RANCHO SANTA FE, Calif. Dr. Jorge Llorente became irritated recently when the fire department kept rejecting his plans to landscape his hacienda-style home with jacarandas and avocado trees.
But he is grateful now.
Those restrictions may well have saved his multimillion-dollar home when a wildfire passed through last week.
"Now that we have a chance to see how it works, we are tickled pink," the retired surgeon said. "I'm a convert. I'm a true believer."
Rancho Santa Fe has lots of converts after braving last week's Southern California's wildfires, the first major test of the stringent construction and landscaping standards adopted by the community in 1997. The San Diego suburb lost 53 houses, but none of them were in the five subdivisions that embraced restrictions designed to be so tough that people can stay in their homes if they cannot evacuate.
As Southern California begins to rebuild from the blazes that killed at least seven people and destroyed more than 2,000 homes, homeowners and government officials are looking at places as far away as Australia and as nearby as Stevenson Ranch in Santa Clarita, north of Los Angeles, that have adopted super-strict standards that require such precautions as nonflammable roofs, indoor sprinklers and regular watering of shrubs.
Rancho Santa Fe practices a strategy known as "shelter-in-place," designed to insulate homes from flames if people cannot evacuate.
The fire department in Rancho Santa Fe, whose past residents include Bing Crosby and Howard Hughes, scrutinizes plans for every tree and bush and sends inspectors with measuring tapes to make sure its orders are obeyed.
Trees and bushes must be a certain distance from the house and cannot exceed a certain height. Roofs must be nonflammable; shrubs near the house must always be watered. Indoor sprinklers are a must.
Columns must be masonry, stucco or precast concrete; windows must be dual-paned or tempered glass; wood fences cannot touch the home.
"Rancho Santa Fe has done some really, really pivotal work," said Ron Coleman, former California state fire marshal and vice president of Emergency Services Consulting Inc. in Elk Grove, Calif. "It's a success story."
Cliff Hunter, Rancho Santa Fe's fire marshal, believes the standards saved homes.
"I just go by the results," he said as he drove through the wide streets of The Crosby subdivision, where hillside flames stopped just short of homes.
Fire experts caution that no home is fireproof; they prefer the term "ignition-resistant." Advocates say such precautions give firefighters time to save more vulnerable homes in fast-moving fires.
But some critics say the shelter-in-place strategy may lull homeowners into a false sense of security, leading them to stay put when they should flee. And some say it only encourages construction in tinderbox areas in California and elsewhere across the West.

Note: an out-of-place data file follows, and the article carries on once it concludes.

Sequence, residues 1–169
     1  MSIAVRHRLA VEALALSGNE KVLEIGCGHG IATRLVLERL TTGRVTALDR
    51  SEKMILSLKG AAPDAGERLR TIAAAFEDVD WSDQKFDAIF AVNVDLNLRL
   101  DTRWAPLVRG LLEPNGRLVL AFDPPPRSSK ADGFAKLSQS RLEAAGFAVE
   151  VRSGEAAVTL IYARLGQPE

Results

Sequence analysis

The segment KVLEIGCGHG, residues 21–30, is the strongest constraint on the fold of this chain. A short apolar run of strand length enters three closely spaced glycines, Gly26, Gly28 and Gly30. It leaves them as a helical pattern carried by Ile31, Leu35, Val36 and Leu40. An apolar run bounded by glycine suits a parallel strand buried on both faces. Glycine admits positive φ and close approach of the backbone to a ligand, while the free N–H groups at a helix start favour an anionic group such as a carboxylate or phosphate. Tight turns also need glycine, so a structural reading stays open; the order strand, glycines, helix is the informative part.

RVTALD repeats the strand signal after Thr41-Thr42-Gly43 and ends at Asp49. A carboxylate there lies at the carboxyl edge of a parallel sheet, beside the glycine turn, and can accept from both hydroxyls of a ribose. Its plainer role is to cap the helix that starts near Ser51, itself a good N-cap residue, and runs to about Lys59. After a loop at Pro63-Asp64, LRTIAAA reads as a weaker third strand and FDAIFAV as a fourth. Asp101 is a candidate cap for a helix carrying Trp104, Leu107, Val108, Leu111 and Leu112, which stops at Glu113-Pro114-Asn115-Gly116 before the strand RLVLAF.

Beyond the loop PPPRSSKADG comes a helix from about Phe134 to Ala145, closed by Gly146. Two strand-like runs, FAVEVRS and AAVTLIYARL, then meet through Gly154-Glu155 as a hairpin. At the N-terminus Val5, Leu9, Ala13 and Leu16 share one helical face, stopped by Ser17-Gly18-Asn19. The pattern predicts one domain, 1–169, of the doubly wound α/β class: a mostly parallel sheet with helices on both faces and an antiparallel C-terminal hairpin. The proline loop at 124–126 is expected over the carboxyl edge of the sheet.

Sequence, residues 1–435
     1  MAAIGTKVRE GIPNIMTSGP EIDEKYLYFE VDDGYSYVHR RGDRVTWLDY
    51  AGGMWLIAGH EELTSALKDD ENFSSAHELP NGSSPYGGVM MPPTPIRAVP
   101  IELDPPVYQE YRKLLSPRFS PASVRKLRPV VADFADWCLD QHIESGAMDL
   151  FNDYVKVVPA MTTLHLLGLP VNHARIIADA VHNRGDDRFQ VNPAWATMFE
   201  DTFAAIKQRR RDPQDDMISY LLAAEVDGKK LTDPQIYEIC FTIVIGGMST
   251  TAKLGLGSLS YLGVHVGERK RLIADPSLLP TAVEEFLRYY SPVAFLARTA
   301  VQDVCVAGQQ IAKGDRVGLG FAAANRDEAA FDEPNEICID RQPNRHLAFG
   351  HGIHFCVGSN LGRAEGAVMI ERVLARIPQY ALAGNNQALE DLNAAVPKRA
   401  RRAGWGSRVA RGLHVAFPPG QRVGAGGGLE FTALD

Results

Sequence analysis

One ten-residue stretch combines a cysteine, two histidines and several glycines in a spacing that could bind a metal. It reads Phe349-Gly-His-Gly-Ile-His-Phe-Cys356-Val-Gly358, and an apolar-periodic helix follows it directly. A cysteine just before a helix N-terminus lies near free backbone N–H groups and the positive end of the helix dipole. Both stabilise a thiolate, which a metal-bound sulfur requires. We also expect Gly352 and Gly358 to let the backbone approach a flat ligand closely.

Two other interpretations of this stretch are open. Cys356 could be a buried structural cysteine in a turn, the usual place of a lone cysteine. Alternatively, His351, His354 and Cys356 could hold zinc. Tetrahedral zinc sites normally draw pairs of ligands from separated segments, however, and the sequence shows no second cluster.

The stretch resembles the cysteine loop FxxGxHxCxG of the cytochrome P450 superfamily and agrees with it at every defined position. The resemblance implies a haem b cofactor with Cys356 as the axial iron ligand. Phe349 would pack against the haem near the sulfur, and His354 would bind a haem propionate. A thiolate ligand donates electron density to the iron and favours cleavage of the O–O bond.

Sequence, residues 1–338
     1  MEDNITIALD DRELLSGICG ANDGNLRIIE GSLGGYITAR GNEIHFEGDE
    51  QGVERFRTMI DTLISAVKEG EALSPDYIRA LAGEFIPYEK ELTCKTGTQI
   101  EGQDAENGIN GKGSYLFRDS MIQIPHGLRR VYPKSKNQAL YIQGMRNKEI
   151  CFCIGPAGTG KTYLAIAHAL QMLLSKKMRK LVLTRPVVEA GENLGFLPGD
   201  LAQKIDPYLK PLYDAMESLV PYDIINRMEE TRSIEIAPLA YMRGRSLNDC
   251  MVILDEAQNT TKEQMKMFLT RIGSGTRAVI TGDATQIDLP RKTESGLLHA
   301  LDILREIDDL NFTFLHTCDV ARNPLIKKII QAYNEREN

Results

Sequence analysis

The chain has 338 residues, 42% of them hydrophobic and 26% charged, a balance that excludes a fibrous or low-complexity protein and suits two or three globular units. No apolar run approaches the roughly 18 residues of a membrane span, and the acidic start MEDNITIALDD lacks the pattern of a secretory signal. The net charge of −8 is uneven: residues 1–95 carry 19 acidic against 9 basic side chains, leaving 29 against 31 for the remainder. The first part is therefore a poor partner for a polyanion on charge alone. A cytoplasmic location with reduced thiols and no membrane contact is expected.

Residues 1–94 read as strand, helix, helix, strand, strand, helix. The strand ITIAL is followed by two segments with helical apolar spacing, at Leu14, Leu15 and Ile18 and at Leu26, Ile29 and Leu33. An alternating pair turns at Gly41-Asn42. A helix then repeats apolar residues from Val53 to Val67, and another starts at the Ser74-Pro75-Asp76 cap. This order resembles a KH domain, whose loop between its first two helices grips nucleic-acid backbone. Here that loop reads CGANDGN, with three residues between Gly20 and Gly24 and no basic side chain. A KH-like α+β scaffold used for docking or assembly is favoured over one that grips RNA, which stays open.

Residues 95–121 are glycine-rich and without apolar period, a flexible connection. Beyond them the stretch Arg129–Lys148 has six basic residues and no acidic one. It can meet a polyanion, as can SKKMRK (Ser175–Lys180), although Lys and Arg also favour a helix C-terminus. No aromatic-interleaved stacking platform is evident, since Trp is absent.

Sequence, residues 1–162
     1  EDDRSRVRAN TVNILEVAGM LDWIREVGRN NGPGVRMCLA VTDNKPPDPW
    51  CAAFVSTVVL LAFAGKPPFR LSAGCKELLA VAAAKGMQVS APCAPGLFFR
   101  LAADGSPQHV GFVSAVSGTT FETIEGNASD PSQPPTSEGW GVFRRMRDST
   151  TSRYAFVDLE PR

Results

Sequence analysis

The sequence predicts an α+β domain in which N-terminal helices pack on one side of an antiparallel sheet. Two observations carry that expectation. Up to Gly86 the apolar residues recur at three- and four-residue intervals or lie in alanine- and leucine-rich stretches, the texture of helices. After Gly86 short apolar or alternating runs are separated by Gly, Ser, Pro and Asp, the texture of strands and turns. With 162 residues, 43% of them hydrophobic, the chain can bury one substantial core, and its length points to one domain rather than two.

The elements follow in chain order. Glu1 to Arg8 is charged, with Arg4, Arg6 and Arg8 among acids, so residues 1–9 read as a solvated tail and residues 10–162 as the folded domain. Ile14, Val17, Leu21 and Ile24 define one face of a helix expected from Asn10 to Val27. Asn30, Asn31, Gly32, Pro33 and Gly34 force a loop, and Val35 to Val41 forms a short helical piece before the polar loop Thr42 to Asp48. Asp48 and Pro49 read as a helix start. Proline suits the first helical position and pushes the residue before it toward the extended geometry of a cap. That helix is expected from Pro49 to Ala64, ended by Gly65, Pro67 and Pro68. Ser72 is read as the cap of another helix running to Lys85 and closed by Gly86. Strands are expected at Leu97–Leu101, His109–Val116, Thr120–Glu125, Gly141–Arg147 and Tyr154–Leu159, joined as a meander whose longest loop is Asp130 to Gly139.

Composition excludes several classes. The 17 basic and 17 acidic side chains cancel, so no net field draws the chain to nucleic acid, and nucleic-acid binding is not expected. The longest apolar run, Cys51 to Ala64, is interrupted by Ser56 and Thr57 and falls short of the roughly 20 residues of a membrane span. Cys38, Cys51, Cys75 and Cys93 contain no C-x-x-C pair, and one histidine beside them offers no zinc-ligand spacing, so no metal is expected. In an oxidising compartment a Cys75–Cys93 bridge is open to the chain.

Nearly 1 million homes in 11 Western states border undeveloped wildlands, and builders are increasingly breaking ground on the edge of wooded areas, according to a study last month by Headwaters Economics, a consulting firm in Bozeman, Mont.
Despite the destruction in Southern California and widespread acknowledgment that fire will strike again there is little doubt homeowners will be allowed to rebuild on the same lots. San Diego County has already issued its first building permit for a home destroyed in last week's fires.
But government officials and fire experts say the blazes may lead to stricter standards.
San Diego County, which was hardest hit, will revisit building codes and may add restrictions, said Supervisor Dianne Jacob. In March, the county Department of Planning and Land Use expanded the shelter-in-place concept as an option for new subdivisions in areas where the topography prevents the building of a second escape road.
It is difficult to say how much a shelter-in-place design adds to the cost of a home. Roofing and sprinkler systems can easily run tens of thousands of dollars, said Dan Bailey of the International Code Council, which advises governments on building restrictions. Other measures, such as trimming trees, cost little.
Rancho Sante Fe is a community of about 10,000 people with giant homes on large lots, where golfing and horseback riding are popular pastimes. The median household income in the 92067 ZIP code tops $200,000.
Residents in the five protected subdivisions get a fire department brochure that tells them that they can survive a fire without evacuating and that they should keep a three-day food supply. Those who live outside the area get a brochure titled "Getting Out Alive."
Llorente, who moved to his 2 1/2-acre lot last year from San Diego, thought Rancho Santa Fe's restrictions were overkill until he and his wife were ordered to evacuate their home. They fled the nearby flames Oct. 22 with their two cats and a computer. That night and the next day, they were convinced they lost their home.
The flames came within about 200 feet of the house, wilting rose petals next to one wall and dumping ash on the pool and hot tub. But the house itself was unscathed.
"We were very, very lucky," he said Monday on the patio on his hillside lot, which is filled with peppermint willows and olive and citrus trees, with views to the Pacific Ocean on clear days.
His neighbor, 47-year-old investor Don Ceglar, also felt the rules went too far when he moved from Connecticut in 2003. The fire department refused to let him in until he removed two 8-foot cypress plants near the front door.
Ceglar ignored three reverse 911 evacuation calls the morning of Oct. 22, thinking it made more sense to stay put than to drive narrow, winding roads surrounded by fire.
He said the community's fire-protection standards passed last week's test with flying colors.
"The fire surrounded our community like a doughnut," he said. "It's remarkable. It literally looks like someone took a torch and went to the edge of these properties, and the fires just stopped."